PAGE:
area have arrived in Israel and
begun semi-military training for
a few days before serving as
volunteer- in settlements on the
iolan Heights from which many
regular members have left their
work to answer their reserve call-
up orders. Another group of 250
- due to join them next week.
The 5 nave volunteered are mainly be-
tween the ages of 1^ and 30. but
then art- also some married
couples in their late 40s who have
also joined the group. All partici-
pants are paying their own fares
to and from Israel, but their stay-
in Israel is being borne by the
kibbutzim where they will work.
Jews from the U.S. and other
countires have always volun-
teered to help the kibbutzim and
farmers in Israel in previous
wars. But this is the first time
they are also being offered a form
of basic military training This,
however, is of greater pay-
chological value to the partici-
pants than it is of actual mili-
tary value to the army.
The Real America Is Still Alia
BRETTON WOODS, N.H.-
An Arab in kefayah looks
from the balcony of his suite at
the Inn here across the road and
up toward Mt. Washington
where, at the hotel in 1943, some
40-odd nations met to stabilize
the international monetary
system after World War II predi-
cated on the price of gold at $35
anoz.
All of that is changed. These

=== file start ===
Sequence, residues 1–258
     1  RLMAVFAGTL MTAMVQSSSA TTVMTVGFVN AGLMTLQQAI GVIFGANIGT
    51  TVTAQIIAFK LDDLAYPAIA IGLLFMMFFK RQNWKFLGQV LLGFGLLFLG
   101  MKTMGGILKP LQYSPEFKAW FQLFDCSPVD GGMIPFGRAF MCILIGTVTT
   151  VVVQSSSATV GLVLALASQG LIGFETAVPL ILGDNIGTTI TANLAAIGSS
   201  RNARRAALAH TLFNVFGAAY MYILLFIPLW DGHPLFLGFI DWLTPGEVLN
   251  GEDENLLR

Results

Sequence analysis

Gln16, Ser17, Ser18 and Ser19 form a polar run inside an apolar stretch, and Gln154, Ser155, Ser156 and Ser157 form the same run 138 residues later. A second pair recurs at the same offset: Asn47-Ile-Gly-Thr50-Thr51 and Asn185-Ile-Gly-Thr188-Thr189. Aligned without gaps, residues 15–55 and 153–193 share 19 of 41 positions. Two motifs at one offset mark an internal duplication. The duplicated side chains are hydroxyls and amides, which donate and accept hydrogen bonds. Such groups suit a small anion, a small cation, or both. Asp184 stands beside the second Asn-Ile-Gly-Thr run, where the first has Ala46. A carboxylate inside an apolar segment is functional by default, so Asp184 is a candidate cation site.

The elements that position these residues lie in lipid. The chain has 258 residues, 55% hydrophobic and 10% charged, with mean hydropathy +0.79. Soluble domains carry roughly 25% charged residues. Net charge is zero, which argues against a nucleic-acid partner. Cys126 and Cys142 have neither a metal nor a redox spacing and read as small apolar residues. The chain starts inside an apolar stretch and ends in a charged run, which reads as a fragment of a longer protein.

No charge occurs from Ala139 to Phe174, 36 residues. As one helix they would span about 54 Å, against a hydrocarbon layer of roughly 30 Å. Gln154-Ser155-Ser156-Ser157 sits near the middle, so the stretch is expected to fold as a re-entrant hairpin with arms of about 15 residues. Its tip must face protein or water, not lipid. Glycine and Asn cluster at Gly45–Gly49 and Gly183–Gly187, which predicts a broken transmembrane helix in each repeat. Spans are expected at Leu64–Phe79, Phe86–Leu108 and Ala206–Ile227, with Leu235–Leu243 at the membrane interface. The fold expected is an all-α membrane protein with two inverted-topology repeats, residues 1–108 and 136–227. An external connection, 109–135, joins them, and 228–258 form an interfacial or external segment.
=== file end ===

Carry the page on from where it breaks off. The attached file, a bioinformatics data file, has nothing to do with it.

days, gold sells for ten times
that, or thereabouts. And, in ret-
rospect, the Allied powers
achieved nothing but a reprieve
from violence now turned into
global terrorism. As for the Arab
peering from his balcony hardly
40 years later up toward the hotel
on Mt. Washington, his presence
at least for me contributes to
making the brisk 60-degree sum-
mer breeze even brisker. Colder.
I GET the sense that his
analytic eyes beneath beetling
brows assess the worth of the
mountain and of the historic ho-
tel, and that he is preparing in his
mind to make an offer for the
whole shebang.
Araby is everywherethat
was my obsessive feeling as I
flew north some three weeks ago.
Here, it strikes me that from the
post-World War II Gold Stan-
dard, we have come to an Oil
Standard with infinitely greate
intimidations. But driving day
after day in New England since
then, through Maine and New
Hampshire and Vermont, the
feeling dissipated. The Arab on
the balcony was but a momen-
tary lapse into obsessive fears
from the new hope and vigor I
have been imbued with here. Or
until newer fears of even more
immediate challenges to the na-
tion's well-being took over after